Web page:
Not only must we have the option to fail—we will fail. We do fail. Often.
The most miraculous proof of God’s love for us is the Atonement of Jesus Christ. The purpose of the Atonement is precisely to allow us to recover from our many failures. He knows we will fail, despite our best efforts, and He has provided a way for us to be freed from our sins, to be healed, and to return to Him.
We show our gratitude for the Atonement when we use it to overcome our fear of failure, trust in Him, and act on our best approximation.
Recently our academic vice president, Brent W. Webb, reminded us of something Elder Jeffrey R. Holland taught us way back when he was president of BYU. He said that we hit what we aim at: “So, not failure but low aim would be the most severe indictment of a Latter-day Saint fortunate enough to be at BYU.” 12
I should have listened more carefully to President Holland before I went off to graduate school. I hit what I aimed at—I graduated successfully without criticism from my teachers. Technically I did not fail. But, boy, did I aim low.
Fear of embarrassment, fear of failure, fear of being considered dumb by someone I thought was smart—fear made me aim low. Don’t make that mistake. Aim high.
Please don’t misunderstand me. When I say “aim high,” I do not mean aim to be successful in your career. I do not mean aim to become rich or famous or powerful.
Those might be things that happen along the way for a few of us. But if they are your target, you are aiming way too low. Section 121 in the Doctrine and Covenants tells us that if we aim at these things—if our hearts are set upon the things of this world and if we aspire to the honors of men—we may be called, but we will not be chosen. 13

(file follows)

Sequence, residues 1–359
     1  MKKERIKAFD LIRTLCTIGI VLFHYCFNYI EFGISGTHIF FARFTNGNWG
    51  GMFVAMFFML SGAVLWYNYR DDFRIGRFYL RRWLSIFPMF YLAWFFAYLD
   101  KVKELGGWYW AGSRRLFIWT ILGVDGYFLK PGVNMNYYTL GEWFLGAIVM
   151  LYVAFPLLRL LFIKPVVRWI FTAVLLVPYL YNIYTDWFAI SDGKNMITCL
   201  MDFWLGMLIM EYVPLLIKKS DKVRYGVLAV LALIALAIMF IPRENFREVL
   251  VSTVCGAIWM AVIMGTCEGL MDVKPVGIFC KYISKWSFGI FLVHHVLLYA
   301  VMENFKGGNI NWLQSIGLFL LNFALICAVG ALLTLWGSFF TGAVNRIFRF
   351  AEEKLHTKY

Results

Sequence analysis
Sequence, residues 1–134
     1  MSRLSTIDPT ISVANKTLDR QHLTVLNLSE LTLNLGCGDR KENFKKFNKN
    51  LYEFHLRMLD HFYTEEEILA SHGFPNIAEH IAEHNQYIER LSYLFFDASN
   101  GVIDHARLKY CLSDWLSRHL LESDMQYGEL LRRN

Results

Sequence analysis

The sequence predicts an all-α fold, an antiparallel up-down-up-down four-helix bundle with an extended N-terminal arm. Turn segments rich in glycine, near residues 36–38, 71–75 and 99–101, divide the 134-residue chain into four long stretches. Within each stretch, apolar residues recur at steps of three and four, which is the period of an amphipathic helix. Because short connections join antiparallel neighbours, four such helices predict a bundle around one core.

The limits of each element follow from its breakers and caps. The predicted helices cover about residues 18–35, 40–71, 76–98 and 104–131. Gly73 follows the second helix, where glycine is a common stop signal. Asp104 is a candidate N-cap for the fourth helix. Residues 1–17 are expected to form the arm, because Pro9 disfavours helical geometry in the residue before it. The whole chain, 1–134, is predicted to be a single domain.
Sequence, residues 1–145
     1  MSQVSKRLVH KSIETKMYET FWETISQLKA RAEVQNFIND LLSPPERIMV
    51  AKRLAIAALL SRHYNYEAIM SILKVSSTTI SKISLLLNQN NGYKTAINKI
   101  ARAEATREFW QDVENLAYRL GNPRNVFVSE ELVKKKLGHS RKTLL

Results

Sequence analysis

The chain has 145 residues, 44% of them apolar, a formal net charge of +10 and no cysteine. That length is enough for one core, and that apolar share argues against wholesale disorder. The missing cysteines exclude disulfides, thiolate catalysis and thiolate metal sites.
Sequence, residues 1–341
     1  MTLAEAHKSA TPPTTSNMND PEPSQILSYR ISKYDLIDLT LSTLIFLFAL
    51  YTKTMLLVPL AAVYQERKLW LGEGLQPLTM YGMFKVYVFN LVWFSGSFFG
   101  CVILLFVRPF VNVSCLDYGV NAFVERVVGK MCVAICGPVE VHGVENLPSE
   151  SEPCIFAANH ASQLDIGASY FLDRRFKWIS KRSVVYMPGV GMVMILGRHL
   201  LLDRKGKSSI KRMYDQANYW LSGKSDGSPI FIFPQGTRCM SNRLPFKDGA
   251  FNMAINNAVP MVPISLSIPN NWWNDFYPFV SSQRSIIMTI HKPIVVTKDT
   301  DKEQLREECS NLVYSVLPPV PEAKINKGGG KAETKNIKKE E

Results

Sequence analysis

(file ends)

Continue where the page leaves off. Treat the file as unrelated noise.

No—when I say “aim high,” I mean we must aim to develop our talents and use our opportunities the best we can to build His kingdom, bless His children, spread His gospel, care for the needy, heal the sick, discover truth, teach that truth, and bring ourselves and our families back to live with Him.
We will make errors along the way. Aim high anyway. “Not failure but low aim would be the most severe indictment.”
Finally, an essential step after we try and fail is to repeat the cycle and improve on each attempt.
Some of the most powerful methods for solving hard mathematical problems are what we call iterative methods. You start with an approximate answer—sometimes just a random guess—but you use that guess to generate a new, slightly better answer. Then you take that new answer and apply the method again and again until you get as close as you need to the correct answer. There certainly are situations where these iterative methods don’t work, but in many settings they are both the fastest and most robust ways to solve problems.
Iteration is a powerful tool in our lives as well. We repeat these three steps over and over again.
Let me tell you about my son Spencer, who likes to run. His first official race, when he was eight years old, was a 3K in Kiwanis Park. He did not do nearly as well as he had hoped to do. He really had to push hard to stay with the leaders, and, by the end, he just didn’t have the strength to keep up. He was a little disappointed. The next two days he was really sore. He was forced to admit he wasn’t yet as fit or as good at running as he wanted to be. But during that week he pushed himself harder in our daily run than he had in the past—he worked hard to prepare for his next attempt.